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Tag: Q Source

Dr. David Tee Admits Jesus Never Resurrected From the Dead

dr david tee's library
Dr. David Tee’s Massive Library

Recently, Dr. David Tee, who is neither a doctor nor a Tee, coughed up yet another hairball about a post on this site. Tee, whose real name is Derrick Thomas Thiessen, responded to the post Who Wrote the Bible?, saying that its author, Dr. Philip Almond, is wrong; and that virtually everything this scholar said about the history of the Bible is wrong. Tee, of course, as a hardcore Fundamentalist, thinks whatever he believes about the history of the Bible is right. What qualifications does he have to make such a bold claim? Why, he’s a Christian. That’s it. According to Thiessen, the stupidest Christian knows more about the Bible than scholars such as Almond and Dr. Bart Ehrman.

I will leave it to readers to decide if they want to read Thiessen’s latest monument to ignorance. I do, however, want to point out one thing Thiessen said that I find ROTFL worthy. Thiessen says that no contemporary, first-century secular scholar or historian ever mentioned the Q source — a hypothetical collection of mostly Jesus’ sayings — so Q is a myth.

Thiessen stated:

It should also be noted that no ancient non-Christian writer mentions Q or its existence. It is not and was not a source book for anyone. Even those scholars who claim the manuscript existed do not know when it was written or who wrote it.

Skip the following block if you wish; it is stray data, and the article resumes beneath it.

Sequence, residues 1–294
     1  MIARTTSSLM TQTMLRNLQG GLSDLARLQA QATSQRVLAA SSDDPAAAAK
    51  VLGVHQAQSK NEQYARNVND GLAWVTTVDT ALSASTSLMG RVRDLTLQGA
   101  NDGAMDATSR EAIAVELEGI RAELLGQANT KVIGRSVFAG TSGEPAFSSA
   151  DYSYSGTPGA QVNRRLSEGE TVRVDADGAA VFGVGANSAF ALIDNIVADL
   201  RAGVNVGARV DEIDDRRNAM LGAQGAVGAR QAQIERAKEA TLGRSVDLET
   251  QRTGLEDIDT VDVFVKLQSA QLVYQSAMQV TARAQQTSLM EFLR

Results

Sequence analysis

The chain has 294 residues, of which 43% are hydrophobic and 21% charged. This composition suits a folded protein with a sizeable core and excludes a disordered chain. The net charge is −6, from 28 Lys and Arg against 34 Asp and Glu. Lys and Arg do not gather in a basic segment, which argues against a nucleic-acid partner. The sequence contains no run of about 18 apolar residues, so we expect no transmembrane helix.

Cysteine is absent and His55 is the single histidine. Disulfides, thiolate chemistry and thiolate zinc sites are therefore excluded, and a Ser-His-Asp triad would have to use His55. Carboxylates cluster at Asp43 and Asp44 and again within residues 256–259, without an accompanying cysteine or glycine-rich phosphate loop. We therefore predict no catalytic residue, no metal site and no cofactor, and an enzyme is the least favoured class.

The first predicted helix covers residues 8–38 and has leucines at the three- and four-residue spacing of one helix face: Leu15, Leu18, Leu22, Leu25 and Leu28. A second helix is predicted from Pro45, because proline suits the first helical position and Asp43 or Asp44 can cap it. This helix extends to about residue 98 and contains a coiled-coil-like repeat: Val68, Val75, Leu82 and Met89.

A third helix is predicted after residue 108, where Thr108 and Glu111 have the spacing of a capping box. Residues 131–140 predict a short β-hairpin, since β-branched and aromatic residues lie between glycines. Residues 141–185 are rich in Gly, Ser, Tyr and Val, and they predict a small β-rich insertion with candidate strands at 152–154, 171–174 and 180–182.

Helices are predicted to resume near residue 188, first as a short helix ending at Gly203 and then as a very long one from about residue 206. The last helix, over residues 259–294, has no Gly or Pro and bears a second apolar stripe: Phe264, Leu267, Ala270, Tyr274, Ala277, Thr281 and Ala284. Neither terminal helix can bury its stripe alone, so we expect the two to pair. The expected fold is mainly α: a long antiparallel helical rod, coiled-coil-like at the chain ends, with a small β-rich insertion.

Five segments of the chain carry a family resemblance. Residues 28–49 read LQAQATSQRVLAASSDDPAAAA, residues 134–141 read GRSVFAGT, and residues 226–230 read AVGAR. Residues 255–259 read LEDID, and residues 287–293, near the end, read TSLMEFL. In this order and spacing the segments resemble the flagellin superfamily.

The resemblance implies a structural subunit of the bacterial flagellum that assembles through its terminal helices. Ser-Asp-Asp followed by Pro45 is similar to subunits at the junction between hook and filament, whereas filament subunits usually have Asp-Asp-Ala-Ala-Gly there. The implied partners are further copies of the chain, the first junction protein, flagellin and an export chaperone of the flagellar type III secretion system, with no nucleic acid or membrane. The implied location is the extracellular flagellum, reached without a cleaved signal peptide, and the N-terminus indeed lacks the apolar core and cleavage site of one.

Thus the arguments used against the Bible would apply to this document as well. There is no proof for this document anywhere.

It is unrealistic to think that unbelievers would have information about the Bible that Christians do not have. As usual, their efforts to discredit the Bible only backfire on them.

Q doesn’t exist because “no ancient non-Christian writer mentions Q or its existence,” Thiessen opines. Fair enough, but if that is the case, the same can be said about the virgin birth of Jesus, his miracles, and his resurrection from the dead. In fact, many of the people, events, and history mentioned in the Bible aren’t mentioned by “ancient non-Christian writer[s].” Thus, following Thiessen’s illogic to its logical conclusion means that because no ancient non-Christian writer mentions the virgin birth of Jesus, his miracles, and his resurrection from the dead, these things never happened.

Of course, Thiessen will object, saying that I am lying, twisting his words, or any of the other excuses he uses to escape culpability for what he says. I will leave it to readers to determine if I have fairly represented his words.

Bruce Gerencser, 66, lives in rural Northwest Ohio with his wife of 45 years. He and his wife have six grown children and thirteen grandchildren. Bruce pastored Evangelical churches for twenty-five years in Ohio, Texas, and Michigan. Bruce left the ministry in 2005, and in 2008 he left Christianity. Bruce is now a humanist and an atheist.

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Bruce Gerencser